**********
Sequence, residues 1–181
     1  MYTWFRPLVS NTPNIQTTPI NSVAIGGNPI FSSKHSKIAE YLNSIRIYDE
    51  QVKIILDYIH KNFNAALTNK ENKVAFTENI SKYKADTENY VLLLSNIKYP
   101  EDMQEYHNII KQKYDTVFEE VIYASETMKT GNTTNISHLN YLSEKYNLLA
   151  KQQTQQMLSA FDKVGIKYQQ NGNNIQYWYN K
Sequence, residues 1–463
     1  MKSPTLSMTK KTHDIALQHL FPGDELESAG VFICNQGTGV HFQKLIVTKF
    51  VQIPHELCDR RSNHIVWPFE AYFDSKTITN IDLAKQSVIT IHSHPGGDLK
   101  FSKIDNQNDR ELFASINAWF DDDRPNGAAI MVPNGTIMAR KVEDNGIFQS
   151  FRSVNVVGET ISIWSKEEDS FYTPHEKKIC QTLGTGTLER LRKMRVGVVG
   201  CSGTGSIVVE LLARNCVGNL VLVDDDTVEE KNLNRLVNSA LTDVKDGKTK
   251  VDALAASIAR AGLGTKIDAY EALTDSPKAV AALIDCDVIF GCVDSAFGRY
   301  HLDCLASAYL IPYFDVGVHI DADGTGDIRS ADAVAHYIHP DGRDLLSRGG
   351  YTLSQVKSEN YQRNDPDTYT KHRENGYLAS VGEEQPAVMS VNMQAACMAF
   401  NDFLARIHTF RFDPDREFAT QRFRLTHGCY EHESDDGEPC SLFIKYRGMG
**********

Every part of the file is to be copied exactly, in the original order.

Sequence, residues 1–181
     1  MYTWFRPLVS NTPNIQTTPI NSVAIGGNPI FSSKHSKIAE YLNSIRIYDE
    51  QVKIILDYIH KNFNAALTNK ENKVAFTENI SKYKADTENY VLLLSNIKYP
   101  EDMQEYHNII KQKYDTVFEE VIYASETMKT GNTTNISHLN YLSEKYNLLA
   151  KQQTQQMLSA FDKVGIKYQQ NGNNIQYWYN K
Sequence, residues 1–463
     1  MKSPTLSMTK KTHDIALQHL FPGDELESAG VFICNQGTGV HFQKLIVTKF
    51  VQIPHELCDR RSNHIVWPFE AYFDSKTITN IDLAKQSVIT IHSHPGGDLK
   101  FSKIDNQNDR ELFASINAWF DDDRPNGAAI MVPNGTIMAR KVEDNGIFQS
   151  FRSVNVVGET ISIWSKEEDS FYTPHEKKIC QTLGTGTLER LRKMRVGVVG
   201  CSGTGSIVVE LLARNCVGNL VLVDDDTVEE KNLNRLVNSA LTDVKDGKTK
   251  VDALAASIAR AGLGTKIDAY EALTDSPKAV AALIDCDVIF GCVDSAFGRY
   301  HLDCLASAYL IPYFDVGVHI DADGTGDIRS ADAVAHYIHP DGRDLLSRGG
   351  YTLSQVKSEN YQRNDPDTYT KHRENGYLAS VGEEQPAVMS VNMQAACMAF
   401  NDFLARIHTF RFDPDREFAT QRFRLTHGCY EHESDDGEPC SLFIKYRGMG